Towards the end of the Talking Heads' concert film Stop Making Sense, David slays Goliath. It's surprising how easy the giant goes down.
As the band revs into "Girlfriend Is Better", a titanic silhouette -- fifteen feet high and almost as wide -- looms over the stage. At first it's quite menacing, but soon its tiny head begins to bob like a chicken, helpless to resist the beat. A few tottering steps forward, and the giant is revealed to be a Dondi-eyed geek upon whose skinny frame hangs the biggest, goofiest, most ridiculous damn suit you've ever seen.
Now, during the 1980's, the suit was king-- icon of Wall Street power, badge of the moneymaker's dignity and might. But as David Byrne performs a herky-jerky, rubber-limbed dance, something magical happens. Flapping, flopping, jiggling and wiggling, the suit sheds its pride and its power to intimidate. It ceases to be the uniform of The Man and becomes a banner of gentle satire. And by the time the song's over, David has brought down the decade's Goliath-- not with a slingshot full of rocks, but with a gleeful shimmy-shake.
These words -- found scattered across the fragrance forums -- sum up the popular verdict on Fendi Uomo. Apparently, it's Gordon Gekko in a bottle. Or Caligula. Or Hannibal (Carthage or Lecter-- your choice). But as David Byrne and countless Bugs Bunny cartoons have taught me, the scariest shadow on the wall invariably belongs to the mildest-mannered nebbish.
It's how he's lit that makes all the difference.
Uomo contains all the requisite ingredients that would normally make it a right bastard of a fragrance. Cruel leather? Check. He-manly woods? Check. Musk? (You want musk? Get over here. Yeah, I'm talking to you.) Then it startles you with some of the most gorgeous, romantic "feminine" notes in any perfume-- powder-soft carnation, blushing cyclamen, fresh anisic angelica. And yet, as incongruous as these seem, they mesh so well with the leather and woods and musk that Uomo seems crafted all of a piece, true through and through. This tough guy knows how to tango, and I mean really tango -- with wit and good humor and a flower in his teeth, even -- and he doesn't care how it looks.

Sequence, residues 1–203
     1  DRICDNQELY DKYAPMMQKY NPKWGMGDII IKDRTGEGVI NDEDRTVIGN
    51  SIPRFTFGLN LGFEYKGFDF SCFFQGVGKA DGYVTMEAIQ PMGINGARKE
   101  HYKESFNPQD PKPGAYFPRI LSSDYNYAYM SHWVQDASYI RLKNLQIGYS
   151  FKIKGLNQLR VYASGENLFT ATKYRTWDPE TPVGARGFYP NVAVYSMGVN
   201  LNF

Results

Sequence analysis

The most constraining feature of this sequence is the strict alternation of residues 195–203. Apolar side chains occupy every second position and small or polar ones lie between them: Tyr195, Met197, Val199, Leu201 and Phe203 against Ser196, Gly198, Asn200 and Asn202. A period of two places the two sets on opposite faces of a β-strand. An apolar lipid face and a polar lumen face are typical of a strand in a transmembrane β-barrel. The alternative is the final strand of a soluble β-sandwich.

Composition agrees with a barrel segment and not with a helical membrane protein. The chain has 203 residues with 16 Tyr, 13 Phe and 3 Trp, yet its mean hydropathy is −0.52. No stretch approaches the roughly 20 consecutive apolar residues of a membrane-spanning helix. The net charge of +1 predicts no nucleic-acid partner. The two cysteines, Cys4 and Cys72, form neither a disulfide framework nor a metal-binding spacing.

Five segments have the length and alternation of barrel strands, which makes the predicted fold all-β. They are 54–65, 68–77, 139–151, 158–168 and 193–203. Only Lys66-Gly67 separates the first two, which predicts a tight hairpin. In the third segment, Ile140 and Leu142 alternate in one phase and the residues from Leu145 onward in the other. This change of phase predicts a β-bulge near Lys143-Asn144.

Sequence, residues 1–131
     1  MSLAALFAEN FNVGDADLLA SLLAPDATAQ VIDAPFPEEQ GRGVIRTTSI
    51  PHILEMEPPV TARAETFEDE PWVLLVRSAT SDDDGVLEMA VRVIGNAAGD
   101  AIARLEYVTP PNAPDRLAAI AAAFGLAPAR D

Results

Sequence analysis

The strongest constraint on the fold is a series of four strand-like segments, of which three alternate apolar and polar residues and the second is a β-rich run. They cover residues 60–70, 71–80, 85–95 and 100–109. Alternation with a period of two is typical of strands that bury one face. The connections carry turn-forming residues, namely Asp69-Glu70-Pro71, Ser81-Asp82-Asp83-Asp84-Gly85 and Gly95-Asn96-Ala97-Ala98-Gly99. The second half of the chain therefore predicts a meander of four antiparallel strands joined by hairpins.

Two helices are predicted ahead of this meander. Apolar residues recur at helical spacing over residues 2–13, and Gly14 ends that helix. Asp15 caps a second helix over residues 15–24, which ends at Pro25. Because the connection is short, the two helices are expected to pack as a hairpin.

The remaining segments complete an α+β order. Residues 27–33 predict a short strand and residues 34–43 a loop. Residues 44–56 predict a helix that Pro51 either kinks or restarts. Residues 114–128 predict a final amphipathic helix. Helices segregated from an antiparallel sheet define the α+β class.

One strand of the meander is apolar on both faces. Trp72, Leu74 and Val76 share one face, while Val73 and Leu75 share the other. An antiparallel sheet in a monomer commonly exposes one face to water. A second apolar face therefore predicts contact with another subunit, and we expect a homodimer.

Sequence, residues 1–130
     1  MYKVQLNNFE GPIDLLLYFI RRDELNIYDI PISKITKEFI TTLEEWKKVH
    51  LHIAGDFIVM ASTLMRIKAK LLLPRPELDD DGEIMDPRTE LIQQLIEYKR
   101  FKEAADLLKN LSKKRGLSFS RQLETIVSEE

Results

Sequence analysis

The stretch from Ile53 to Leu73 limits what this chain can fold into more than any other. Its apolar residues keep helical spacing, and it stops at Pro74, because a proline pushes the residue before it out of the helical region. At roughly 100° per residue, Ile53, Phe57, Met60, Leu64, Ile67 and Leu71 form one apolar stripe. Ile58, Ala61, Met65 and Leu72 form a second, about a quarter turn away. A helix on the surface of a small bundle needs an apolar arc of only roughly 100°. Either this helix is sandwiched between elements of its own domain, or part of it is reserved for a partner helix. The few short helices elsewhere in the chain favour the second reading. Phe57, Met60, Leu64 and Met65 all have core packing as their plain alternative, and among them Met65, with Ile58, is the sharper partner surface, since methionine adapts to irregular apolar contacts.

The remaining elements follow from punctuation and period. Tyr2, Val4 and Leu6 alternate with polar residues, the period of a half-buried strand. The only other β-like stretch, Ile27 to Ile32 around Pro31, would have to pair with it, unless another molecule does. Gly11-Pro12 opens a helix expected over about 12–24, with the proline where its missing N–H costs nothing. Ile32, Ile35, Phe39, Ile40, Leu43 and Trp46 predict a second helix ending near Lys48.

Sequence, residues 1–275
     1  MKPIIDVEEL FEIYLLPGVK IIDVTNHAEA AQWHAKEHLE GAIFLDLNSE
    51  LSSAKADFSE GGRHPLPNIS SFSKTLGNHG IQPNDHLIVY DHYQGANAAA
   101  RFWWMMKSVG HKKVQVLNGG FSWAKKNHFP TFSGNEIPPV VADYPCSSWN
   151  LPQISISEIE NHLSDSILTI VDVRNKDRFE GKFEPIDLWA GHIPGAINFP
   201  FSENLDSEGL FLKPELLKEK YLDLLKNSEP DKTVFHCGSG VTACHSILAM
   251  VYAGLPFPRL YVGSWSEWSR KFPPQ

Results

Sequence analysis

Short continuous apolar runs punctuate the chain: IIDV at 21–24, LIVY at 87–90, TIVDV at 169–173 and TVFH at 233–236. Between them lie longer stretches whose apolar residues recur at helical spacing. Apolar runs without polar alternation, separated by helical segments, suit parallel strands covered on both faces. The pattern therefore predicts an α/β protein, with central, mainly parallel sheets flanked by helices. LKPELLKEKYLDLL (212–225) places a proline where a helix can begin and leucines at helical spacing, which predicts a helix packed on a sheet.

After a minute in his arms, neither do you.
Like Patricia de Nicolaï's New York and Bertrand Duchaufour's Timbuktu, Uomo owes a greater debt to early 20th century feminine fragrances than to any modern power juice of the übermensch genre. In other words, it's more L'Heure Bleue than Or Black. It may begin with a fulgent blast of citrus and follow with a chaser of bitterest birch tar, but all this is nothing but the rattling of sabers before the Hundred Years' Peace. All the warnings about criminal overapplication seem exaggerated; a little goes just the right distance without ever committing the least misdemeanor. As Uomo changes over to dusky twilight tones, the thought that some people are terrified of this fragrance becomes more and more inconceivable.
The real badass to fear, I'm convinced, is the Fendi PR genius who engineered the spin on Uomo-- not to mention that fifteen-foot-tall shadow it casts over all posterity. Whatever he or she did to make this refined gentleman appear like Attila the Hun qualifies as a career masterpiece.
Just as the perfume does, for the perfumer.
Scent Elements: Lemon, bergamot, lavender, coriander, angelica, marjoram, cinnamon, carnation, cyclamen, patchouli, musk, birch tar, vetiver, cedar, amber